I don’t agree at all, but I can see where he’s coming from. To somebody who’s always disassembling, restoring, and re-assembling classic computers, it’s easier to see through the marketing and nostalgia, and recognize these as machines that need to be functional.3I don’t think I’ve ever used a IIgs, but they always seemed neat. Back when these computers were out, I dreamed of getting a Mac, but since that was unlikely because of the cost, I aspired to somehow getting a IIgs.

But the appeal of the vintage Macintosh goes beyond its functionality. Part of it is something that they made more explicit with the release of the first iMac: the whole idea of a computer as a home appliance. Sure, you could get a separate monitor and tons of expansion cards for a PC or even an Apple II, but with the early Macs, you didn’t need to. Plug it in, turn it on, there is no step 3.

Just making an all-in-one isn’t enough; the Commodore PET didn’t have a control panel with a rabbit and a turtle on it, after all. It wasn’t just the hardware that was all-inclusive. There was a strong design philosophy and aesthetic behind everything that made it all feel as if it were meant to work together.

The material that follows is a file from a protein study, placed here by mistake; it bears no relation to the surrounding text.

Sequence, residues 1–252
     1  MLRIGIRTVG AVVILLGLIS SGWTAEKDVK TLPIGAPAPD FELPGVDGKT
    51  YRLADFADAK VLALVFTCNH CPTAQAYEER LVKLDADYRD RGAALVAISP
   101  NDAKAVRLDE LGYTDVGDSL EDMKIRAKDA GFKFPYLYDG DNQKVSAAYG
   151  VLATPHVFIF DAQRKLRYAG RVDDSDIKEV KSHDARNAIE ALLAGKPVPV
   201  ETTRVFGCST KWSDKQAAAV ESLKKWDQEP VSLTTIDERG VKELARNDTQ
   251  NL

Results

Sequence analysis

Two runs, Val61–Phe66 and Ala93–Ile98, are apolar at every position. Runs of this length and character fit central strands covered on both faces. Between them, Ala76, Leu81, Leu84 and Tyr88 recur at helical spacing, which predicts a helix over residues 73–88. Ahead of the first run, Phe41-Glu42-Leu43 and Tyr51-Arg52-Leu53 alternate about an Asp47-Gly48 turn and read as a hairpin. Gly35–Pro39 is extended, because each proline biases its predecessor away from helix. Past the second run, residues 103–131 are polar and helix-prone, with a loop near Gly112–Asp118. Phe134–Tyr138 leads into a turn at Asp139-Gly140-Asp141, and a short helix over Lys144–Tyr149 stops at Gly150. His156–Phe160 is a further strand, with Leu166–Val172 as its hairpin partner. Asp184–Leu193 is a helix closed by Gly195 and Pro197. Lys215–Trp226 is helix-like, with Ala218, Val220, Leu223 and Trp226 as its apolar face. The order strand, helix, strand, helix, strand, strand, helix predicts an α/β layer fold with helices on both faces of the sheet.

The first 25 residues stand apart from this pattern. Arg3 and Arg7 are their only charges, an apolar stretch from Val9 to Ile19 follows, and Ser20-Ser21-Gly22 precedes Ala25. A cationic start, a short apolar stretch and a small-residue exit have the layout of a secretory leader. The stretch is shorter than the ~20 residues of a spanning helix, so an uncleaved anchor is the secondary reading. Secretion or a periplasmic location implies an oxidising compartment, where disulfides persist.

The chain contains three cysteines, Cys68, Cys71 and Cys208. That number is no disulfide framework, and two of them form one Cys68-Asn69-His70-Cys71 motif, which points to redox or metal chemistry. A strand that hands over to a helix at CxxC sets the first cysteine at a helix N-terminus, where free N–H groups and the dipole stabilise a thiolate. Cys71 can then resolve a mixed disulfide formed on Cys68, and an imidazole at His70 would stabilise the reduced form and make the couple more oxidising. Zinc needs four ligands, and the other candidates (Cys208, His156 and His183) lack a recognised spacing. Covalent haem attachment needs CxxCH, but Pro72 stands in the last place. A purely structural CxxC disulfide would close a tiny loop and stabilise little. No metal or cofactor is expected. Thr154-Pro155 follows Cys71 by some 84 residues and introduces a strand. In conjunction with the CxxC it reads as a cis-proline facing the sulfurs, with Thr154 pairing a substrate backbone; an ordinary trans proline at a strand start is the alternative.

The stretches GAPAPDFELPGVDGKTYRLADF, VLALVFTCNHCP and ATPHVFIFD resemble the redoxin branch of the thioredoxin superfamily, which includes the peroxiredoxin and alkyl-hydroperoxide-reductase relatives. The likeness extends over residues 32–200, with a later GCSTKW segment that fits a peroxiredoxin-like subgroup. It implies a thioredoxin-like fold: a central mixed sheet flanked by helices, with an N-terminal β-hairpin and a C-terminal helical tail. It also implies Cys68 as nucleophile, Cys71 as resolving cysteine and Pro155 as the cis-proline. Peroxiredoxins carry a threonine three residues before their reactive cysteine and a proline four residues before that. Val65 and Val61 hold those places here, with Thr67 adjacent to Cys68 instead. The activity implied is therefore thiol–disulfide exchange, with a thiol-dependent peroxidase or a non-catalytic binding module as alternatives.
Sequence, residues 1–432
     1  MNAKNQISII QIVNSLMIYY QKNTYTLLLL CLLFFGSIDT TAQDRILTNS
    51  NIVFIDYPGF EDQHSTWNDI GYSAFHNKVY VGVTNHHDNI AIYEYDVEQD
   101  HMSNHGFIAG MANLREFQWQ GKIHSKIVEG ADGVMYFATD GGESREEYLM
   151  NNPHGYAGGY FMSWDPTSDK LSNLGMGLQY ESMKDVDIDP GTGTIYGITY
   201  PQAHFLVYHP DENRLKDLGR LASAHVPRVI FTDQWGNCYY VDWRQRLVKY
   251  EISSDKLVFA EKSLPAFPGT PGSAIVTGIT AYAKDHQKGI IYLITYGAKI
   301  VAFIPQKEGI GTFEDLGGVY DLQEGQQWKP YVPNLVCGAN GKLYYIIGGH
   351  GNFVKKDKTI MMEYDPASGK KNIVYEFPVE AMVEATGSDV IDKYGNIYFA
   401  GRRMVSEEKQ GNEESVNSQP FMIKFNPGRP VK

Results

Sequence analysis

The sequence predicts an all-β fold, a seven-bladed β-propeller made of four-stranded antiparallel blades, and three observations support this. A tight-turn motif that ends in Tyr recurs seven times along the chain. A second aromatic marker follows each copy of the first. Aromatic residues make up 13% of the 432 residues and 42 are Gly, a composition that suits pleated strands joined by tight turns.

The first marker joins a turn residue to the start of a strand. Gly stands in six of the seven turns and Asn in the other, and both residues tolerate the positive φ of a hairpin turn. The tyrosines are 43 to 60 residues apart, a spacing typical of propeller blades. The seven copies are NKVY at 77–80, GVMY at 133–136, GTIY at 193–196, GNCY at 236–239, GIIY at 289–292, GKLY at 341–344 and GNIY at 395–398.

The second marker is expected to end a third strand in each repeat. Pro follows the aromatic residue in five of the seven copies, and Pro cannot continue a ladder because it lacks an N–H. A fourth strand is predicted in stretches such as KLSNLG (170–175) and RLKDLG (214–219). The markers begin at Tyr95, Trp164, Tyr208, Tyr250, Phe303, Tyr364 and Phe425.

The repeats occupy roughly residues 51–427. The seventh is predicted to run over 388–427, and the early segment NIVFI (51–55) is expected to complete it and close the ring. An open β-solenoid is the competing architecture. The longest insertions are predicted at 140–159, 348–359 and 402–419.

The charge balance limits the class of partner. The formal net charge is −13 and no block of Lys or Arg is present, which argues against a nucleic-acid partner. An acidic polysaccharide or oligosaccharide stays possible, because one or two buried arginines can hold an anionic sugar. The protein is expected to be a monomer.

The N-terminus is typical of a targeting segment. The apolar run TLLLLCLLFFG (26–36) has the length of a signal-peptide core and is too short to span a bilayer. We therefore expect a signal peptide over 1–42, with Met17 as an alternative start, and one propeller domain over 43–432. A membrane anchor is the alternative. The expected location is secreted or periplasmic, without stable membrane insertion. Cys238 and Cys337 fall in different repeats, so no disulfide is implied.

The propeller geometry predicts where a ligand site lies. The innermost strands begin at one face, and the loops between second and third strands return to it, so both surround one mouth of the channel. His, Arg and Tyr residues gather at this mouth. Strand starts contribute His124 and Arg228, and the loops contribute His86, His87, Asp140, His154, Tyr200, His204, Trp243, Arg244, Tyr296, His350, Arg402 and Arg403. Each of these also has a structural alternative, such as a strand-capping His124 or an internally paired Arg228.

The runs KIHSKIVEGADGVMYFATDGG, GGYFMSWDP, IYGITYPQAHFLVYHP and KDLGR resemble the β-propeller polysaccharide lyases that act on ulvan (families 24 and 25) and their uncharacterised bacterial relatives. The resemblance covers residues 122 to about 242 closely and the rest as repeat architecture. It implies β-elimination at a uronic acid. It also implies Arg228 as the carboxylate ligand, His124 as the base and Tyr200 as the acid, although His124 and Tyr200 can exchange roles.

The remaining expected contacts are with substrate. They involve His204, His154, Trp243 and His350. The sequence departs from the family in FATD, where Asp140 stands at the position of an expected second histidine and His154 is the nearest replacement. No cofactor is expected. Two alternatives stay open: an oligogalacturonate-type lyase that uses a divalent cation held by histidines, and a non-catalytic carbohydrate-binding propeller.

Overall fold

Computer nerds and engineers tend to get an eye twitch whenever you say something like “the appeal of the Mac goes beyond just technical specs,” but it’s not simply branding and marketing, or some “reality distortion field” like people claim. It’s an understanding of people and what they want, which should be inextricably linked to hardware and engineering, but rarely is. There’s a reason that “look and feel” dominated so many discussions around personal computing and lawsuits for so long. It’s nearly impossible to put into a list of features, but it’s still extremely valuable.

Looking at screenshots and video of the Amiga Workbench really drove home the comparison. My Amiga 500 was at least as functional as the Mac Plus, and was superior in a lot of ways. I could do more with it, and I could definitely play a lot more games on it. But man, jumping into those chunky, blue-white-and-orange screens made it feel like downgrading from an actual computer to a toy. (Later revisions helped a lot, but they didn’t seem to have any overriding philosophy behind them apart from “less garish.”) It felt like all the improvements were on the technical side, but the actual day-to-day user experience was left as an afterthought.